Zero K by Don DeLillo
Don DeLillo has enthralled readers over the years with his distinctive brand of hyper-realism. His characters speak in DeLillo-speak, challenging ideas in a unique tone that is at once ponderously earnest and hilariously mocking. There is a fixation with death that rattles through his body of work. ‘All plots tend to move deathwards,’ Jack Gladney says in White Noise, ‘this is the nature of plots.’ In Libra DeLillo imagines Lee Harvey Oswald’s life and inexorable death in an historical literary thriller like no other. He is an unusual writer, stripped almost entirely of sentimentality, save for his description of Cotter Martin skipping school to leap the turnstiles to a baseball game that begins the beguiling sprawl of Underworld.
So where to now in DeLillo world? It seems he has seen death, and now he is raising it to the tune of Zero K, in which a clutch of mega-wealthy brainiacs have constructed a secret ‘facility’ deep in the bedrock of remote Central Asia. The purpose? Death, of course. Specifically, an elaborate plan to escape from death entirely via cryonics and ‘the Convergence’, a consciousness merger that will transcend the physical world and deliver immortality. Or something like that.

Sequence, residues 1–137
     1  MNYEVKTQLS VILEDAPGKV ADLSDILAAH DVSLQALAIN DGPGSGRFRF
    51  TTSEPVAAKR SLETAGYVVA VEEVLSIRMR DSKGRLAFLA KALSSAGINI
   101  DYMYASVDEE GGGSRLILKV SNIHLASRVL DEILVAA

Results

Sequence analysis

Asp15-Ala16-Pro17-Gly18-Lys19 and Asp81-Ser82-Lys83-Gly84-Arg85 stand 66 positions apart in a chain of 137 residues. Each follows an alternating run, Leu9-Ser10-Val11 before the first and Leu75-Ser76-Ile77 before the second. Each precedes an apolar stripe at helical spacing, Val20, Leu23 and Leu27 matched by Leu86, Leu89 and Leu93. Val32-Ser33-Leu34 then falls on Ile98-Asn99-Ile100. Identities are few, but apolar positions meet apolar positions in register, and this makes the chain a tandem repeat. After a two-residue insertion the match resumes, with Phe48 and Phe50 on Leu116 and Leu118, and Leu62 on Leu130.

Jeffrey Lockhart is the son of a billionaire founding member of the Convergence facility; he visits to witness the process first-hand. Jeffrey is a funny man, making up names for the people he encounters, mulling over the absurdity of the entire venture. His thoughts and thought processes are the soul of this book, often wonderfully comedic. On religion he tells us, ‘I was not Catholic, my parents were not Catholic. I didn’t know what we were. We were Take Daddy’s Suit to the Dry Cleaner.’
Zero K is a challenging book. There is a solid structure, a before and after, which is Jeffrey Lockhart’s story. Then there is the novel of ideas, of death and escape, and of relationships between people and the importance of mortality in imbuing our lives with urgency and meaning. There is much to be enjoyed in the reading, as DeLillo is a fine writer. The prose itself is worth the time spent, but the enquiry into human existence is something this reviewer confesses to still be deciphering. Whatever you make of it, a master author is extending himself here, and it is a challenge well worth taking.
Robbie Egan is the operations manager for Readings.